Turn now to FIG. 13, which is a block diagram illustrating an apparatus utilized to automatically test a video board and an audio board of a computer, in order to perform the process shown in FIG. 12, according to the principles of the present invention. As described above, by manufacturing the testing apparatus shown in FIG. 13, the method of automatically testing a computer system can be performed.

As shown in FIG. 13, in the apparatus for automatically testing a computer system, a test target 33 and the tester 21 are depicted. Here, the test target 33 includes a serial port 34 for communicating with the tester 21, a hard disk 35 storing a test program, a video board 1 signal-processing the video information to be tested, a audio board 2 for signal-processing the audio information to be tested, and a CD-ROM drive 32 reading and outputting data stored on a CD-ROM, whereas the data stored on the CD-ROM is to be used to test the video board 1 and the audio board 2.

In FIG. 13, the tester 21 includes a serial port 36 for communicating with the test target 33, a hard disk 37 storing the test program, a red (R) signal testing unit 38, a green (G) signal testing unit 39, a blue (B) signal testing unit, whereas each one of the R, G, and, B signal testing units 38, 39 and 40 compare and test the R, G, and B signals among the output video information transmitted from the video board 1 with the preset test video information, an audio testing unit 41 for comparing and testing the output audio information transmitted from the audio board 2 with the preset test audio information, and a monitor 17 which is separately formed and on which the tested result is finally displayed.

As shown in FIG. 13, a first test request signal is transmitted from port 36 of the tester 21 to port 34 of the test target 33. This first test request signal pertains to the moving image and the still image of the video board 1. When this first test request signal is received by the test target 33, the test target 33 detects the video information to be tested, according to a test program stored in the hard disk 35. The video information to be tested was previously stored on a CD-ROM currently in the CD-ROM drive 32 of the test target 33. The test target 33 then applies the video information to the video board 1. In other words, the test target 33 reads the video information from the CD-ROM in the CD-ROM drive 32 and then outputs the video information to the video board 1. Thus, the video board 1 receives the video information from the CD-ROM in the CD-ROM drive 32.

With continued reference to FIG. 13, after the video board 1 receives the video information, the video board 1 separates the video information into R, G, and B signals and then outputs the R, G, and B signals to the tester 21. The video board 1 can output a still image or a moving image. As shown in FIG. 13, each of the R, G, and B signals outputted from the video board 1 is separately tested by the R, G, and B signal testing units 38, 39 and 40 of the tester 21.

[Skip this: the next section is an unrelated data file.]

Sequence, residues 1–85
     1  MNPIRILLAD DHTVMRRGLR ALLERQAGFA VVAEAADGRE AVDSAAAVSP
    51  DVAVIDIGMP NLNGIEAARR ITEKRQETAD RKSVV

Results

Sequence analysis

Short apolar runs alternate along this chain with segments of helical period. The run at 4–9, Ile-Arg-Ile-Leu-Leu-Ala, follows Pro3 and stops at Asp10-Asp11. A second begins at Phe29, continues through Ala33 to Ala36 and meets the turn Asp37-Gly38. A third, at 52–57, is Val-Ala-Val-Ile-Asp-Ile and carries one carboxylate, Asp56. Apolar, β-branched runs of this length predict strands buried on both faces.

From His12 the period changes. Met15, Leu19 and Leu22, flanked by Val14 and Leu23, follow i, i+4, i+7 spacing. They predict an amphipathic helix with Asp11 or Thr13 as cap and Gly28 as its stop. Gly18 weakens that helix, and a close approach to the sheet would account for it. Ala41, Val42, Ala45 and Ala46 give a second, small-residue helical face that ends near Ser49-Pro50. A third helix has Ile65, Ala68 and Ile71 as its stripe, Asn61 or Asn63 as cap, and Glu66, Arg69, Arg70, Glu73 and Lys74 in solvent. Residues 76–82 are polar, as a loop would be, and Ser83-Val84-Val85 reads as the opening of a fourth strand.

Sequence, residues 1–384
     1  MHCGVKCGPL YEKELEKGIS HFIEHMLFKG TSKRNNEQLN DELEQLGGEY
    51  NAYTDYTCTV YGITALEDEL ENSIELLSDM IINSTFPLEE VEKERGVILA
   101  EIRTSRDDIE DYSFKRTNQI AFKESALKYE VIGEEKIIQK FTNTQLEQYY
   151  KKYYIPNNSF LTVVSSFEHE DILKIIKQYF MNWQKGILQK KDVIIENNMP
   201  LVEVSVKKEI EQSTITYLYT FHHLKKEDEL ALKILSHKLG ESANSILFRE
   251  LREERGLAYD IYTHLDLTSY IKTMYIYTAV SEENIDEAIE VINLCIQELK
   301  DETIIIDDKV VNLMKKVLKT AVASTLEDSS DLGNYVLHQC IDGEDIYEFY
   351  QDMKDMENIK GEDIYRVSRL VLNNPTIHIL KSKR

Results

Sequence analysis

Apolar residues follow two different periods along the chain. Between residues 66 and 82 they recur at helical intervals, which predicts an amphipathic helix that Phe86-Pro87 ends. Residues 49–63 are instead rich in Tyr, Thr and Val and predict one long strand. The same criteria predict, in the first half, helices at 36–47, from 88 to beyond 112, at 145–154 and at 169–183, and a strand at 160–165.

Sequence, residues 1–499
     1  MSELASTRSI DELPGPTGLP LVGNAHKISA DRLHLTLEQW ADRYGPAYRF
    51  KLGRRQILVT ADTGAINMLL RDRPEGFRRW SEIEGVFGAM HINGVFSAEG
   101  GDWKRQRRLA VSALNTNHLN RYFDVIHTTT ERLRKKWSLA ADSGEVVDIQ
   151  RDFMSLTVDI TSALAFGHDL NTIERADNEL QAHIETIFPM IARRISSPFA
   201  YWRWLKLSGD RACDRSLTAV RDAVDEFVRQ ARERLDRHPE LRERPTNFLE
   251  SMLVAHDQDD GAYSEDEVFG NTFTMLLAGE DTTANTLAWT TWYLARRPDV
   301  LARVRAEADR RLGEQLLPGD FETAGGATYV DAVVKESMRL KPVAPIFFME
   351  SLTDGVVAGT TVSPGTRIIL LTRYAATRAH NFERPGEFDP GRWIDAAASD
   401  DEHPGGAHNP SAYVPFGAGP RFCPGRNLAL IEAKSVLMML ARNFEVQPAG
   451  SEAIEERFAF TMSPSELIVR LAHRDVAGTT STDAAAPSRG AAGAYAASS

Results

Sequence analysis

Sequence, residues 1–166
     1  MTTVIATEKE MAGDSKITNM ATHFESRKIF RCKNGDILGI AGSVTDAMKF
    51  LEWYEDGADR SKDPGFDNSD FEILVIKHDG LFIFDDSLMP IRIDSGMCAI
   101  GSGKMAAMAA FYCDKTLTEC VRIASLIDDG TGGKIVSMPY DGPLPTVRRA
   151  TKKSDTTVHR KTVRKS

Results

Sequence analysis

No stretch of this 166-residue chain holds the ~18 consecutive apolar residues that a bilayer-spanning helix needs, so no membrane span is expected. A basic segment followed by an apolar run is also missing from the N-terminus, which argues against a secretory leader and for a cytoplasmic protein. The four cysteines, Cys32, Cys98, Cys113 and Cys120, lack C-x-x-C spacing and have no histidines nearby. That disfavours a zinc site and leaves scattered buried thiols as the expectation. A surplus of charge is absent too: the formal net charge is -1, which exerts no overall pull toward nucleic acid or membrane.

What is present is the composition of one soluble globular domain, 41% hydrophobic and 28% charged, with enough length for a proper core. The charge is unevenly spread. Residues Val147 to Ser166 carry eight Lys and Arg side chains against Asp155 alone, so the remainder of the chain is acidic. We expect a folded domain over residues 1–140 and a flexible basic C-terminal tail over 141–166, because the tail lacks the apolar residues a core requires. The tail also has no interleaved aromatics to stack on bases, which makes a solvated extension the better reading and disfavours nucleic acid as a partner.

In FIG. 13, the following information applies to moving images compressed in accordance with the Motion Picture Experts Group (MPEG). A moving image may be compressed in the standard format of the Motion Picture Experts Group (MPEG). Note, in the case of hardware that supports moving images in the MPEG format, an MPEG processing apparatus is connected to the video board 1 by an external connector, and the decompressed signal is outputted through an MPEG board.

As shown in FIG. 13, a second test request signal is transmitted from port 36 of the tester 21 to port 34 of the test target 33. This second test request pertains to the the audio signal of the audio board 2. When this second test request signal is received by the test target 33, the test target 33 detects the audio information to be tested, according to the test program stored in the hard disk 35. The audio information to be tested was previously stored on a CD-ROM currently in the CD-ROM drive 32 of the test target 33. The test target 33 then applies the audio information to the audio board 2. In other words, the test target 33 reads the audio information from the CD-ROM in the CD-ROM drive 32 and then outputs the audio information to the audio board 2. Thus, the audio board 2 receives the audio information from the CD-ROM in the CD-ROM drive 32. Then the audio board 2 outputs the audio information to the audio testing unit 41 of the tester 21. As described above, the extraction of the audio information is performed by equally dividing the audible frequency bandwidth into seven (7) and reproducing the recording signal of the second, fourth and sixth frequency domains. Accordingly, the results of the tests are displayed on a monitor 17 and the tester can recognize the results easily.